West Highland Way Holiday

West Highland Way – 96 miles over 5 days in other words Scotland’s Great Trails-Slighe na Gàidhealtachd an Iar.

So when telling people I was off on holiday to run 96 miles over 5 days instant Scottish response was: Yer aff yer heid – yeah probably.

Setting the Context

When the opportunity came up to run the West Highland Way with some of the guys from Sheffield Running Club I was somewhat disappointed that it clashed with a semi-organised holiday. However luck had it that my semi-organised holiday was re-organised to the end of May allowing me to step in at the last minute and take part in what was to be one of the most beautiful challenging and fun running antics that I have had the luck to participate in.

Pre Facebook banter had taken place with discussions about who’s rucksack weighed the least. With too much sarcasm on my side I had suggested I was going to take flask, kettle and iron along side the kitchen sink whilst others would spend 5 days living out of an 8 litre rucksack. I vowed I was not to share cars with them on the way back.

Other conversations revolved around Buffs so I had decided to make goodie bags for everyone including their very own (albeit cheap) buff, energy gels and silly sweeties just to weigh them down.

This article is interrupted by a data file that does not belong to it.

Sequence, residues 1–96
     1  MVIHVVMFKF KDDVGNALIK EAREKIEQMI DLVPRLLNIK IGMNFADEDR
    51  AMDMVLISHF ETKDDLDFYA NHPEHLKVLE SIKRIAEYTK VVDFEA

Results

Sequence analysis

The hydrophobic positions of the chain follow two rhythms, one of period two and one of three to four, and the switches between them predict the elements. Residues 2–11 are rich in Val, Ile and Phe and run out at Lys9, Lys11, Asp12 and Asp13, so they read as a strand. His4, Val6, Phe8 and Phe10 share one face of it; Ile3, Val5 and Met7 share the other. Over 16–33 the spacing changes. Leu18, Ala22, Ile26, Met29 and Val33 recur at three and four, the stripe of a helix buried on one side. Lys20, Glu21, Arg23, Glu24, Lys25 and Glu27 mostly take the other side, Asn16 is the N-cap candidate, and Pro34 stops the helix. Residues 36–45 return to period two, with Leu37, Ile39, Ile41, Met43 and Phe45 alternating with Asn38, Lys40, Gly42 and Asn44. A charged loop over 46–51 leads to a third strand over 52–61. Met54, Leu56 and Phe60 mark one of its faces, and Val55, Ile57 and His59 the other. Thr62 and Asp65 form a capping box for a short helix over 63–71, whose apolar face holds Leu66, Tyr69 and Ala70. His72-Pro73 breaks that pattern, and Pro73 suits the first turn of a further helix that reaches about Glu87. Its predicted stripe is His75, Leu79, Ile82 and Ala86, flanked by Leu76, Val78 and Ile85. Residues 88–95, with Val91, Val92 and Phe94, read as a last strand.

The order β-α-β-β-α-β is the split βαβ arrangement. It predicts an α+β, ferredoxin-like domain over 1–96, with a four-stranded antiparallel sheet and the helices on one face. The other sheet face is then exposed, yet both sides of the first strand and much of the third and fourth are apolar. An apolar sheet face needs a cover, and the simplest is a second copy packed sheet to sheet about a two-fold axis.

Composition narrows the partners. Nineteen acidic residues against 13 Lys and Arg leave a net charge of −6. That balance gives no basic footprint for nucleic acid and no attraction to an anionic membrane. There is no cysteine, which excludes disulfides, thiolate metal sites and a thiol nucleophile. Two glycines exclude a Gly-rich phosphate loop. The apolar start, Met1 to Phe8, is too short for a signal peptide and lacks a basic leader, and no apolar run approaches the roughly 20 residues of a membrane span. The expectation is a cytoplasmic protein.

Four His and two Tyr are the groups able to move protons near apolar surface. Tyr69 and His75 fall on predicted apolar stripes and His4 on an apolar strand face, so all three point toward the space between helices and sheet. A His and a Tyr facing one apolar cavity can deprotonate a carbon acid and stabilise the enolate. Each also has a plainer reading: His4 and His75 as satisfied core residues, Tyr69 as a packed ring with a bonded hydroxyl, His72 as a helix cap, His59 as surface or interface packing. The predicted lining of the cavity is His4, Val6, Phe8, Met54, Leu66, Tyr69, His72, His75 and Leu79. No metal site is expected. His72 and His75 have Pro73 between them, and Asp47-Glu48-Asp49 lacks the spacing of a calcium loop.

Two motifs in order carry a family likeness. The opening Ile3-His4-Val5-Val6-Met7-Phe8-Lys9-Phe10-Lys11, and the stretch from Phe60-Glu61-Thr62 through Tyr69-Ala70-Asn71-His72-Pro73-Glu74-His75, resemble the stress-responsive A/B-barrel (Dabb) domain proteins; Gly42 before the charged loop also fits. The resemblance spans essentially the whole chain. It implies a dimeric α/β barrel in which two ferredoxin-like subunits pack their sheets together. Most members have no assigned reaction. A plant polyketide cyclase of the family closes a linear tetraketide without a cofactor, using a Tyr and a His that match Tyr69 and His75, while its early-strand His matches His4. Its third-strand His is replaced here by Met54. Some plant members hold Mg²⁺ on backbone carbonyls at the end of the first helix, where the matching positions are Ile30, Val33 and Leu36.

Gone running wont be back too soon – Message left at home on the fridge

Myself and Sue headed up to Bonny Scotland and arrived at the service station well before the other 10 guys. We had Superultra and Marathon runner Will Beauchamp, Jason who had run Manchester Marathon and London Marathon a week apart and almost sub 3’ed on both, little Ben, who completed his first marathon narrowly missing a sub 3 a few weeks’ beforehand. Then we had Strava stastic Trevor, Joe and Kev obsessed with statistics and segments and CR’s and PR’s and PB’s and all sorts of other acronyms that only running junkies would appreciate. Then we had our off road junkie Stuart who is doing a Bob Graham this summer, full respect. Jed, long-standing o wise man of the group and Dave token ‘Strider’ leftover from what was Sheffield Athletics Club.

Our female contribution consisted of Jenny one of few females to ever get near 2hrs 50 minutes for a marathon, Super strong Sue who participates Triathlons, ultras and all sorts of things and myself, winging sarcastic Sheffield lass who likes to run long distances.